The Board of Agriculture in 1803 had commissioned Sir Humphry Davy to deliver a course of lectures on the connexion of chemistry with vegetable physiology.
By the market house is a statue of Sir Humphry Davy, who was born here in 1778.
Rouelle, while in England Humphry Davy expounded the same idea in the experimental demonstrations which gave his lectures their brilliant charm.
Berzelius's investigation of the action of the electric current on salts clearly demonstrated the invaluable assistance that electrolysis could render to the isolator of elements; and the adoption of this method by Sir Humphry Davy for the analysis of the hydrates of the metals of the alkalis and alkaline earths, and the results which he thus achieved, established its potency.
In 1800, and Rumford himself selected Sir Humphry Davy as scientific lecturer there.
In 1806 Sir Humphry Davy proved that the formation of acid and alkali when water was electrolysed was due to saline impurities in the water.
He was elected interim president in June 1820, on the death of Sir Joseph Banks; but he did not care to enter into competition with Sir Humphry Davy, and the latter was elected president at the anniversary meeting in November 1820.
C. Oersted (1777-1851) had shown that a magnetic needle is deflected by an electric current, he attempted, in the laboratory of the Royal Institution in the presence of Humphry Davy, to convert that deflection into a continuous rotation, and also to obtain the reciprocal effect of a current rotating round a magnet.
The isolation of the metals sodium and potassium by Sir Humphry Davy in 1807 by the electrolysis of the fused hydroxides was one of the earliest applications of the electric current to the extraction of metals.
He married in 1904 Janet Penrose, elder daughter of Mrs. Humphry Ward.
CALCIUM [[[symbol]] Ca, atomic weight 40.0 (0= 16)], a metallic chemical element, so named by Sir Humphry Davy from its occurrence in chalk (Latin calx).
This view was questioned in the 18th century, and in 1808 Sir Humphry Davy (Phil.
HUMPHRY DITTON (1675-1715), English mathematician, was born at Salisbury on the 29th of May 1675.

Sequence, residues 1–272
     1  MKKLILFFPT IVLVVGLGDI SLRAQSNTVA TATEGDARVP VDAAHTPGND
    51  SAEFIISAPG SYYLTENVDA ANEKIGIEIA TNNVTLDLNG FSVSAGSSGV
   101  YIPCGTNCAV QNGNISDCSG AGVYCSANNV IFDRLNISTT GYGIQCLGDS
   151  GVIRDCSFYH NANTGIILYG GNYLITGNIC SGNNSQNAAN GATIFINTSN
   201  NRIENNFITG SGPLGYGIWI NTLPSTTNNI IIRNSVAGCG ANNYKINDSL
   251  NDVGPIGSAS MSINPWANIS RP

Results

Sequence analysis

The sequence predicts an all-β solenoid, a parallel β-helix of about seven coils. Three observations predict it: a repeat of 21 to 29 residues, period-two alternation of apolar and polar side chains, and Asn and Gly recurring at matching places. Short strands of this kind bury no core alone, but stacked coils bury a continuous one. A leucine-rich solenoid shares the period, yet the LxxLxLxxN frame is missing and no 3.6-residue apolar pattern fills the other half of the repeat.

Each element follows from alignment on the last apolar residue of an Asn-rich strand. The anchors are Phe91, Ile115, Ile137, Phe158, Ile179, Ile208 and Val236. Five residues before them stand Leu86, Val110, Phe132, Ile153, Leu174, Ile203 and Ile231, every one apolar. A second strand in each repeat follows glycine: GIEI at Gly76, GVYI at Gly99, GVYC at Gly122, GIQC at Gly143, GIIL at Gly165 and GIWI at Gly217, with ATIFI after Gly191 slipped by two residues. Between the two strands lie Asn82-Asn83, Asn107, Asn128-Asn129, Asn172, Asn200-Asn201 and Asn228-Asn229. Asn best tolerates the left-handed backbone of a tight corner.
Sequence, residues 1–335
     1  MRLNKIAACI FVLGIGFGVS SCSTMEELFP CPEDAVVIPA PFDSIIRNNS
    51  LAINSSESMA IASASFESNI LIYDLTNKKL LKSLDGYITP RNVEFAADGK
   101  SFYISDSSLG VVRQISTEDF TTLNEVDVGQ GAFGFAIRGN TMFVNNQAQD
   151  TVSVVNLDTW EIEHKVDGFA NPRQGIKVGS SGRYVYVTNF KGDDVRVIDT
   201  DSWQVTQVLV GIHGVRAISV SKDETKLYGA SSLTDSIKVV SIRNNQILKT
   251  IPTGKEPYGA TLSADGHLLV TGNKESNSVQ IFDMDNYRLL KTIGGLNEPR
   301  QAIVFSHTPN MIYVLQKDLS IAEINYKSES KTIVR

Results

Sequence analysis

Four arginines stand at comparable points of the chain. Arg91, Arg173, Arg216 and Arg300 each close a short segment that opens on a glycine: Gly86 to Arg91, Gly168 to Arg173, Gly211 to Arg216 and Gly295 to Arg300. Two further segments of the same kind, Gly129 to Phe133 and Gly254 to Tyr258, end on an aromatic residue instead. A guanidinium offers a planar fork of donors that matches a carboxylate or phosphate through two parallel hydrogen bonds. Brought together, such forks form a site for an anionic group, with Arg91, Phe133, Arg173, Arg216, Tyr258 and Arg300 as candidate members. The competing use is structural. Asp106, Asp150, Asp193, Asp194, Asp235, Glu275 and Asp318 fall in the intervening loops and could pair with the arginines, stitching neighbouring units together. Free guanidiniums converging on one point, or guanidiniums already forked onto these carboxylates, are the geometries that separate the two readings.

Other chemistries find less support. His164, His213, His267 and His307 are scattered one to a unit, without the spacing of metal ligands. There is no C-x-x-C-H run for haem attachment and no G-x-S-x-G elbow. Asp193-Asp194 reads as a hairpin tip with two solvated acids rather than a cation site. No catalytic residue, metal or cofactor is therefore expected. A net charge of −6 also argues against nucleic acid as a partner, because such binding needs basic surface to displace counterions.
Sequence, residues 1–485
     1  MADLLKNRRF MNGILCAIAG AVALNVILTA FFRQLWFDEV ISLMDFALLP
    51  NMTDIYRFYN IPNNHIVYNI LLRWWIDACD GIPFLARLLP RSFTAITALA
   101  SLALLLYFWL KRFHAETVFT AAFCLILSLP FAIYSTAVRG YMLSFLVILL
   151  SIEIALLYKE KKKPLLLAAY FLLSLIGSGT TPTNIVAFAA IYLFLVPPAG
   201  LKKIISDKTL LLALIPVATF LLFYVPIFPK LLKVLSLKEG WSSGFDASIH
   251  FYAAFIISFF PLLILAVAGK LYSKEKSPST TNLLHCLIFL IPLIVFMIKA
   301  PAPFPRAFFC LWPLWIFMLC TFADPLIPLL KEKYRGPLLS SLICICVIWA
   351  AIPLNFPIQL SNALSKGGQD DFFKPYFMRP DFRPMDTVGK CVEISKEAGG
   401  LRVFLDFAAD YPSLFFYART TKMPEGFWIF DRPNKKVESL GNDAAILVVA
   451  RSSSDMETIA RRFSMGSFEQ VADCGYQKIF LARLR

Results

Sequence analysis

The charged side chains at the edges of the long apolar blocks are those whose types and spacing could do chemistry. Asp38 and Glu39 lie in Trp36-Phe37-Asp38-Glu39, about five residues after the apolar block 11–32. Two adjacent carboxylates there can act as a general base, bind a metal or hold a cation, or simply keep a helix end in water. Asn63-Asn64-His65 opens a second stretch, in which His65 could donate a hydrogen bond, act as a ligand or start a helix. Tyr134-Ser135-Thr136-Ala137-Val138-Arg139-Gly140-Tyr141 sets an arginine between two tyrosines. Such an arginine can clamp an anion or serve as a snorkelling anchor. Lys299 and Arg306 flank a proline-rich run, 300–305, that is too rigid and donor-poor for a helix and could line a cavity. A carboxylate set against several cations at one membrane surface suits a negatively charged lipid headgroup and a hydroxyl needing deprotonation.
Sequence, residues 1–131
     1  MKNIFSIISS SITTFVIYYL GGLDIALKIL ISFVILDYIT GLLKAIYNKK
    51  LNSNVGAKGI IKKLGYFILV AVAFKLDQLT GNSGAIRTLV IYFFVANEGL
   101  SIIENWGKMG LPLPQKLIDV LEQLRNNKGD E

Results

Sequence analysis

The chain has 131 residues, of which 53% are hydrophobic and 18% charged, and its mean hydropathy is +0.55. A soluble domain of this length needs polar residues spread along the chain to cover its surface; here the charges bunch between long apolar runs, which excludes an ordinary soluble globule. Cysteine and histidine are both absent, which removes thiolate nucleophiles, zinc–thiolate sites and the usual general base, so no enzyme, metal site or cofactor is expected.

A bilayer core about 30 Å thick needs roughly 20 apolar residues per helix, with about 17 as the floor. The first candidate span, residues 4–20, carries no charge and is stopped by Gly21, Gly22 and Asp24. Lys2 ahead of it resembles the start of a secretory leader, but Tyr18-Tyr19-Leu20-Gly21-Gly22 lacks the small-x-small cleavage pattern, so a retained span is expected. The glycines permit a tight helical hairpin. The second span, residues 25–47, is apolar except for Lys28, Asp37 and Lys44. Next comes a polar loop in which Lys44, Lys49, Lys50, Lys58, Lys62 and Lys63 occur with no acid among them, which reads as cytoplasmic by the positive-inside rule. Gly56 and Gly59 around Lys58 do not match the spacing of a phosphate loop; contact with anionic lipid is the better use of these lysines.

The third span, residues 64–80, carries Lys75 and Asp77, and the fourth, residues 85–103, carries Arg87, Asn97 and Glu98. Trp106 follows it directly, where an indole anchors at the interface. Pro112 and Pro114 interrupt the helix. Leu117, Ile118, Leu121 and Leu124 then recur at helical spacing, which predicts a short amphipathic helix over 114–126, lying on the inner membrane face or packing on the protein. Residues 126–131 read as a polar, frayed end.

To Sir Humphry Davy belongs the merit of isolating this element from potash, which itself had previously been considered an element.
Humphry (1815-1886), vicar of St Martin-in-the-Fields, London; the Rev. Benjamin Hall Kennedy, canon of Ely; William Lee (1815-1883), archdeacon of Dublin, and professor of ecclesiastical history in the university; J.
In 1812 Mr Dance, a customer of his master, took him to hear four lectures by Sir Humphry Davy.
Sir Humphry Davy described him as a "very coarse experimenter," who "almost always found the results he required, trusting to his head rather than his hands."
In 1808 Sir Humphry Davy, fresh from the electrolytic isolation of potassium and sodium, attempted to decompose alumina by heating it with potash in a platinum crucible and submitting the mixture to a current of electricity; in 1809, with a more powerful battery, he raised iron wire to a red heat in contact with alumina, and obtained distinct evidence of the production of an iron-aluminium alloy.
Experiments on the combustion of diamond were made by Smithson Tennant (1797) and Sir Humphry Davy (1816), with the object of proving that it is pure carbon; they showed that burnt in oxygen it yields exactly the same amount of carbon dioxide as that produced by burning the same weight of carbon.
About this time Gay-Lussac's work, although he by no means entirely abandoned physical questions, became of a more chemical character; and in three instances it brought him into direct rivalry with Sir Humphry Davy.
Todd (1789-1840), Sir Humphry Davy (id.
In 1812 he was appointed professor of chemistry to the Apothecaries' Society, and delivered a course of lectures before the Board of Agriculture in place of Sir Humphry Davy, whom in the following year he succeeded in the chair of chemistry at the Royal Institution, London.
SIR HUMPHRY DAVY, Bart.
Paris, The Life of Sir Humphry Davy (1831), vol.
Dr John Davy, Memoirs of Sir Humphry Davy (1836); Collected Works (with shorter memoir, 1839); Fragmentary Remains, Literary and Scientific (1858).
Thorpe, Humphry Davy, Poet and Philosopher (1896).